Nutplates, Stiffeners, Rudder Stops & Cables 10-20 &10-21

The nutplates are dimpled, though not as many as Vans say in the manual on page 10-20, since the two at the top of the plate cover hole are attached to the longeron. Probably a test to see if you are paying attention. I wasn’t, so now have 4 extra dimpled nutplates … I’m sure I’ll find a use for them later. I used the reduced diameter dimple set both for female & male since after a trial I reckoned this combination produced the least deformation in the nutplate.

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Used the squeezer for most of these rivets, but bucked the ones on the aft side of the bulkheads due to reduced clearance.

Vans don’t include the front 2 nutplates on each side, saving them until the Fairing Attach Page 12-12 Step 4. This is because the holes in the fairings at these places are “blind-drilled”, using a light through the open holes in the nutplate locations to locate.

I missed this, and riveted the nutplates in question, though I was bright enough to leave the front one’s front hole, since this rivet includes the top side skin later.

Even having discovered the reason for leaving them, I reckon I can cope with drilling a smaller location hole through these locations, so I’m leaving them for the time being. The top skins have a similar instruction, but I’m suspicious it may well be less hassle to fit the nutplates now and carefully blind drill with a very small drill when it comes to fitting the fairing. Hmm, we’ll see …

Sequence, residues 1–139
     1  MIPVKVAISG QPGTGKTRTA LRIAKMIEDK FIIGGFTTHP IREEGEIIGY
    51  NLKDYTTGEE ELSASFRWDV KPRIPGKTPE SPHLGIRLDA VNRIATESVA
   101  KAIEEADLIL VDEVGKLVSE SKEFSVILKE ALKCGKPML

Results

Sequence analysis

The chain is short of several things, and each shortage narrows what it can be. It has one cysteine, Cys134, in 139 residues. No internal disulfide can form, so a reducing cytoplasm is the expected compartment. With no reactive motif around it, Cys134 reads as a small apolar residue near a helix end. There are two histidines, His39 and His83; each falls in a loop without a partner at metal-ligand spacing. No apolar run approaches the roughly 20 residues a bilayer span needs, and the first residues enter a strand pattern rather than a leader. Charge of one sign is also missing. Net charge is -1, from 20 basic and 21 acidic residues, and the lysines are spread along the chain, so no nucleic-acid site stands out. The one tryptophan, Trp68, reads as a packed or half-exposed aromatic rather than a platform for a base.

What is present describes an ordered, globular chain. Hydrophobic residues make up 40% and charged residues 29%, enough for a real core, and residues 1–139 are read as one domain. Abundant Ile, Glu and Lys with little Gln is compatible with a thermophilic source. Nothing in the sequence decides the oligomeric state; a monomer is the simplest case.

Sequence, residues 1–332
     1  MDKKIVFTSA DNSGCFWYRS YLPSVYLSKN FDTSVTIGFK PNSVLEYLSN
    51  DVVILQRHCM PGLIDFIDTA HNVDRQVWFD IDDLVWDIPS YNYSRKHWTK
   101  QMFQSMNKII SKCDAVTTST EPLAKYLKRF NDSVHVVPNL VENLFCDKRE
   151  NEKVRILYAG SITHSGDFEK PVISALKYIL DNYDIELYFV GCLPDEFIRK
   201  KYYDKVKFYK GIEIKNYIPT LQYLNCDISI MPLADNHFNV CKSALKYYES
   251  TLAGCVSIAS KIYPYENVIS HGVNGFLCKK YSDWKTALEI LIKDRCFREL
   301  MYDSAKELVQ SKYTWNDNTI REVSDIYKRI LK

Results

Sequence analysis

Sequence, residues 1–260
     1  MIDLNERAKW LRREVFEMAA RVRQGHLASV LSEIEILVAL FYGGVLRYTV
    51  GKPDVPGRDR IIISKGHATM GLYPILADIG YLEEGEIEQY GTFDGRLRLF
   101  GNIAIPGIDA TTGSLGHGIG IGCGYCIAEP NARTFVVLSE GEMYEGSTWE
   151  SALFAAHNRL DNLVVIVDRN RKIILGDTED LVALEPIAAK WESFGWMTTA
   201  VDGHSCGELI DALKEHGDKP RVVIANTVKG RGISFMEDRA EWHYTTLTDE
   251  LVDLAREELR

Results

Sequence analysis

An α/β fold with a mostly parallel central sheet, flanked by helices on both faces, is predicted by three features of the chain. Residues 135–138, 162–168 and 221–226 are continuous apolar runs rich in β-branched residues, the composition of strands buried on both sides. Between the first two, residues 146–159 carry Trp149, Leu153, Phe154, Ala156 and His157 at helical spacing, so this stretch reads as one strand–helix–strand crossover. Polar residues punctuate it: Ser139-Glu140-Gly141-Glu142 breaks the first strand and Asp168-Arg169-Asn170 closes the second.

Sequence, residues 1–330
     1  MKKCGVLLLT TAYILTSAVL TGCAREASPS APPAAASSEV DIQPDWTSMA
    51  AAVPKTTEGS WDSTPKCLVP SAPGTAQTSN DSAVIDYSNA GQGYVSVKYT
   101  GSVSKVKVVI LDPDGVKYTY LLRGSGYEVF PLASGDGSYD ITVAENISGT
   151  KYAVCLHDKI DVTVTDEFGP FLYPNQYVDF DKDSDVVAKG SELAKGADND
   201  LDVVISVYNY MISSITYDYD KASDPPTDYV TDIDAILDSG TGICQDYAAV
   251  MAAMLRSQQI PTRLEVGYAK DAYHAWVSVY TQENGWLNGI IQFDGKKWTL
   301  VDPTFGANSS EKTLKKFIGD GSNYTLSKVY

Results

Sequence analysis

Rudder Stops

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Some builders advocate fitting the stops prior to the diagonal stiffeners due to the stop causing restricted outside access to a stiffener rivet at the front bottom of the stop. We looked at it, and reckoned we could do this and still get a bucking bar on the front bottom stop rivet. So that’s what we did, and regretted it to be honest. In hindsight, and with experience applying a gun flat set outside on the rudder stop top rivets, I reckon it would be much easier to follow the manual’s advice and do the stops first.

As you can see in the picture below, the stiffeners make it very hard to get a suitable bucking bar on the rudder stop front lower rivet………….

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All the rivets were bucked . We were tempted to try the squeezer on the ones behind the aft face of the rear bulkhead, but only the thin nosed yoke would get anywhere near. I’m not a great fan of this yoke, since it flexes and I’ve had some squirrely rivets using it. So we decided to buck these as well.

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The rivets at the top of the stops have restricted access outside, so we used the Cleaveland C-Frame Bench Riveting Tool Base Set Holder with a small flat set on the end. This proved successful, and would be the better option for that problem stiffener rivet.


Rudder Cable Exits

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Attaching the nylon blocks inside the rudder cable exit holes should be straightforward … but there is a well highlighted issue with the rivets in the thinner front block. Vans supply the same length rivet for all six holes, and builders have found that the front rivet stems break off outside the surface of the skin due to the reduced grip width. So I decided to use the same rivets, but add washers to the front ones to increase grip width. This proved successful with all stems breaking off inside the skin surface : )

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Update 30 July 2018 – Be careful you orientate the rudder cables as in the picture above. I mistakenly installed the cables with the forked ends at the front originally, and had to change them! See this post.

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